PhD In American Studies

PhD students must complete:

  • 48 credits of coursework (16 courses) in preparation for examinations in three fields
  • 24 credits of dissertation research
  • the General Examination
  • the program’s research requirement

If a student’s work to complete their exams extends beyond the 48-credit limit, he or she may take up to 12 additional credits of coursework. Dissertation research credits will be reduced accordingly.

Students entering the program with an MA or other graduate degree in American Studies or related fields may petition the department to transfer credits toward the completion of the PhD. Petitions should be submitted to the Director of Graduate Studies (DGS) at the end of the student’s first year of coursework. In assessing these requests, the DGS and other members of the student’s advisory committee will consider the student’s academic performance in the program, as well as his or her readiness to take the General Examination. Any transfer credits awarded must contribute directly toward the student’s preparation for a general exam field; a maximum of 18 credits may be carried into the program with departmental approval. All coursework, examinations, the dissertation, and other requirements must be completed within eight full years.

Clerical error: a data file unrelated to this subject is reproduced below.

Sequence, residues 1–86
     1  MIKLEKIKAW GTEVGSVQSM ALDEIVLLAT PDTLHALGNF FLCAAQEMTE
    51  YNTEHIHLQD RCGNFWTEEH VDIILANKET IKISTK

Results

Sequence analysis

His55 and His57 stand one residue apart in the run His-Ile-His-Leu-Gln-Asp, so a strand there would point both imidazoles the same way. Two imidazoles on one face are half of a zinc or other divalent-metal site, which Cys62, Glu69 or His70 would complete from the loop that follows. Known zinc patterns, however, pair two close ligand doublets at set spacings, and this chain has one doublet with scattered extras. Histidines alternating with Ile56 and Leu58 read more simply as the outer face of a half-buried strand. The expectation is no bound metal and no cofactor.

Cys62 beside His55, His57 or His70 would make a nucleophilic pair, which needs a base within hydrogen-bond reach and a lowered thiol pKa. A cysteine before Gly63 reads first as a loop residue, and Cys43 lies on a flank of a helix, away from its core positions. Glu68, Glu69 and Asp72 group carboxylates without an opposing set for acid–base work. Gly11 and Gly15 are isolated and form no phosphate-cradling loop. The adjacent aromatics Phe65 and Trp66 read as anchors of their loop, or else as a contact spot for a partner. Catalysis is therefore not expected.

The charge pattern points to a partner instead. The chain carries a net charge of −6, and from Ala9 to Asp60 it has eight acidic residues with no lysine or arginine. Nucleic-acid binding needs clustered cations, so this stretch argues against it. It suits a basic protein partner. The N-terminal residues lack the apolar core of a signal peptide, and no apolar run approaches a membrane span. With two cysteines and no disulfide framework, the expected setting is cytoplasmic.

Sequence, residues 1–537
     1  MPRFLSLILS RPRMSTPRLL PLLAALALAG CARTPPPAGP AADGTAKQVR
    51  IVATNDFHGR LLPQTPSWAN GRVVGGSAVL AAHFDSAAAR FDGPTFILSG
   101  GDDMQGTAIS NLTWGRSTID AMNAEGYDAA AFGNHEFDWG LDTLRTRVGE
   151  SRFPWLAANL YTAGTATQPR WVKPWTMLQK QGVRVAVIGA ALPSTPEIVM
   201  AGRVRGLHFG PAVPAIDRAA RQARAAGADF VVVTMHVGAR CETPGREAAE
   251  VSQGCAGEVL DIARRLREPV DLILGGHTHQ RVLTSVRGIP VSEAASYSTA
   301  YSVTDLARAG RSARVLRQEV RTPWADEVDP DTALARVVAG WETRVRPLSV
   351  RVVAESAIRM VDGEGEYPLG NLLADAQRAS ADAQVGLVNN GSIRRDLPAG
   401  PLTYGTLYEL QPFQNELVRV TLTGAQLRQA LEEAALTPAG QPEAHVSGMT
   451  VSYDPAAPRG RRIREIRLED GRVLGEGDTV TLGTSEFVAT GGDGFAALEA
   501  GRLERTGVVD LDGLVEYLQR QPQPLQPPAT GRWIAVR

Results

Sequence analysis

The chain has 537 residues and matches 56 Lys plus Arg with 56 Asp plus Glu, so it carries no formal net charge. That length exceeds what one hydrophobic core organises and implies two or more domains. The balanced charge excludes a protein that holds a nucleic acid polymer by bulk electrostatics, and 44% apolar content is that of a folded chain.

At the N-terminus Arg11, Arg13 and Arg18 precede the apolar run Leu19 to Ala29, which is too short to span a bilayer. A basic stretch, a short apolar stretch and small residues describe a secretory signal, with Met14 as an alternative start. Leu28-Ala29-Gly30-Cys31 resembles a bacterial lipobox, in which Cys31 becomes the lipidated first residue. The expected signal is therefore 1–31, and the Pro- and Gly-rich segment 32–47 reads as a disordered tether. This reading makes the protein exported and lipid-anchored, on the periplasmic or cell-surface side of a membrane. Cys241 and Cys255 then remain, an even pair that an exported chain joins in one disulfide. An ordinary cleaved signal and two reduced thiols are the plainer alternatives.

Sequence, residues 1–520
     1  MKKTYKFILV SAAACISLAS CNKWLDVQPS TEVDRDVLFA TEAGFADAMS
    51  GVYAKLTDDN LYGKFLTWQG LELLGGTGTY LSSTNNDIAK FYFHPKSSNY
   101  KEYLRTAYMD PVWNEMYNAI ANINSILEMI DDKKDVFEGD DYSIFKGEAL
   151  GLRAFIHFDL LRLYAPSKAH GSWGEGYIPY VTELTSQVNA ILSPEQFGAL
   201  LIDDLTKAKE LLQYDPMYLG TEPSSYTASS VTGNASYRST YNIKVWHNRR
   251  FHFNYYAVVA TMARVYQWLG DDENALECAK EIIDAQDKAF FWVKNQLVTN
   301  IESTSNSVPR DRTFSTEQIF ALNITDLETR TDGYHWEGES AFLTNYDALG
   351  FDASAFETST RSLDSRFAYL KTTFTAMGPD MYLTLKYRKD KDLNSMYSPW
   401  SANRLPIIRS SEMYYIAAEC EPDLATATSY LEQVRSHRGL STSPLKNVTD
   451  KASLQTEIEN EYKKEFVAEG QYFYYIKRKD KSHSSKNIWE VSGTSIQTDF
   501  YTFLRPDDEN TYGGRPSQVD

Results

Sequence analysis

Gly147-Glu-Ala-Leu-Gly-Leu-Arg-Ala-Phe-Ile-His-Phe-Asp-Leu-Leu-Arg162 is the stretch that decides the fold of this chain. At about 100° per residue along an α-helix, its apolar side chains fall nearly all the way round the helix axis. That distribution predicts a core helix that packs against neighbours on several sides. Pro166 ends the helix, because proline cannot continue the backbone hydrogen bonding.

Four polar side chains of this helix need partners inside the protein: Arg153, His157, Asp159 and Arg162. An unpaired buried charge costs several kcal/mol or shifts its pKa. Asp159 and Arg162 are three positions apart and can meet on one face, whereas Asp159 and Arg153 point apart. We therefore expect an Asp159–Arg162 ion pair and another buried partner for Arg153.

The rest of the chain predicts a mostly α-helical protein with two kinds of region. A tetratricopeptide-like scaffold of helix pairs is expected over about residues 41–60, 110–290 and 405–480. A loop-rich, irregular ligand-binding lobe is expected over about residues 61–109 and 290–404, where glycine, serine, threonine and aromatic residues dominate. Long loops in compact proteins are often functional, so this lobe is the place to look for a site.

Spotlight on Craig Allen

Photo of Jim Miller, Richard Gibson, and Craig Allen
From left to right: Professor James Miller, Richard T. Gibson, and PhD student Craig Allen.

Craig Allen, a PhD student in American Studies, coordinated and presided over a day-long symposium, Richard Gibson: Literary Contrarian & Cold Warrior, celebrating the George Washington University Special Collections Research Center’s acquisition of the Richard T. Gibson papers in March 2013. The symposium brought together scholars from across the United States and consisted of moderated panels that explored the potential use of the papers in furthering our understanding of the intellectual and literary history of the Cold War – from the pages of the Kenyon Review to the literary circles of postwar Rome and Paris, culminating with such pivotal Cold War events as the French-Algerian War, the rise of Revolutionary Cuba and various African liberation movements. Scholars in attendance included Alessandro Brogi (University of Arkansas), Van Gosse (Franklin & Marshall College), Peter Kornbluh (GW National Security Archives), Andrea Malaguti (University of Massachusetts-Amherst), James Miller (George Washington University), Luis Serapiao (Howard University) and Todd Shephard (Johns Hopkins). Among the attendees were the Algerian Ambassador to the United States, Abdallah Baali, and former Deputy Assistant Secretary of State for North Africa, Raymond Maxwell.